*I-5 - interstate freeway number 5, for you non-usa'er.

          • You make a much-needed point on slashdot. There are tons of people who get upset when we support innovative tracking systems or clever ways to surveil employees, because to them fear of the government's wielding these tools precludes any reasonable celebration of their innovativeness.
            It's like most of my personal positions as a Libertarian. I believe the homeless and the disabled should receive SOME form of aid; I just don't think it should come from my pocket at the point of a gun. That doesn't mean it
      • But any intelligent criminal (even if they aren't technically savvy) knows that the location of
        mobile phones can be tracked.

        Your assertion that WWII was fought to allow you "the freedom to utilize the tool if I
        think it necessary", is both ludicrous and myopic. The _main_ reason the USA entered
        WWII was because the Japanese attacked Pearl Harbour. Any other grand ideals
        were secondary.
      • I hate to break it to you, but part of life is risk. It seems that technology has dulled our capacity to accept risk, but with that comes a lessened capacity to experience life. See what I mean?

        What did people do before cell phones? Cars? Things are worse since 9/11. If people continue to need more and more constant input to make sure "nothing went wrong," they'll grow dependent on it. That's where trust comes into play; it won't exist. We will continue to bury ourselves in our homes and offices, co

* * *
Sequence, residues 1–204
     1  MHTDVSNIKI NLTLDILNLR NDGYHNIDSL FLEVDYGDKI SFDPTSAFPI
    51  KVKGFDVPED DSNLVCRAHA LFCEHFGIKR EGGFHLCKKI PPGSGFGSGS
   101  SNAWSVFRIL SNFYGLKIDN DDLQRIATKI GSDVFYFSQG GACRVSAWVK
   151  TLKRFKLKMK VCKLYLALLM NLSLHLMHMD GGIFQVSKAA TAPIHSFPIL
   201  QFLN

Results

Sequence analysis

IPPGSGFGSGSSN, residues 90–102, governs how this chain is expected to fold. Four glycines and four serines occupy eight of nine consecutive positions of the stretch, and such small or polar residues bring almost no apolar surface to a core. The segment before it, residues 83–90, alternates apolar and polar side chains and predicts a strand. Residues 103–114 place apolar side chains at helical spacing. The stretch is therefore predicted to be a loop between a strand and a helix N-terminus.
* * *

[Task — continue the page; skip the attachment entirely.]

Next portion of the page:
• Like the freedom to get snatched while walking to school?

        Well, most abductions are done by people the kid knows, like a dad in the midst of a nasty divorce, so that won't help. This may help with your random sicko, provided he doesn't have the presence of mind to look for bugs, but random sickos don't account for a whole lot of risk. That said, I think this stuff is fine until the kid turns 7 or 8 - provided the kid knows why it's there. I can't imagine subjecting a high-schooler to this sort of treatmen

    • Re:WW2 (Score:5, Insightful)

      by DaemonGem (557674) on Monday March 24, 2003 @07:09PM (#5586977) Homepage Journal
      "Some good parenting = trust ! facist paranoia."

      I never had this problem with my parents. They always trusted me, I'm pleased to say, however, I'm not here to discuss me. There are a million ways to get around this, such as ... leaving your phone at home, or turning your phone off. Now perhaps people will say that since they are kids, and most kids are irresponsible, this is a good thing to do. However:

      "Rules are meant to be broken"
      -Some wise soul

      I take for example spy software that my best friend's mother put on his computer. He wasn't computer savvy enough to bypass it, however, if I had had such software on my computer:

      1. I would hate my parents, and feel resentful towards them.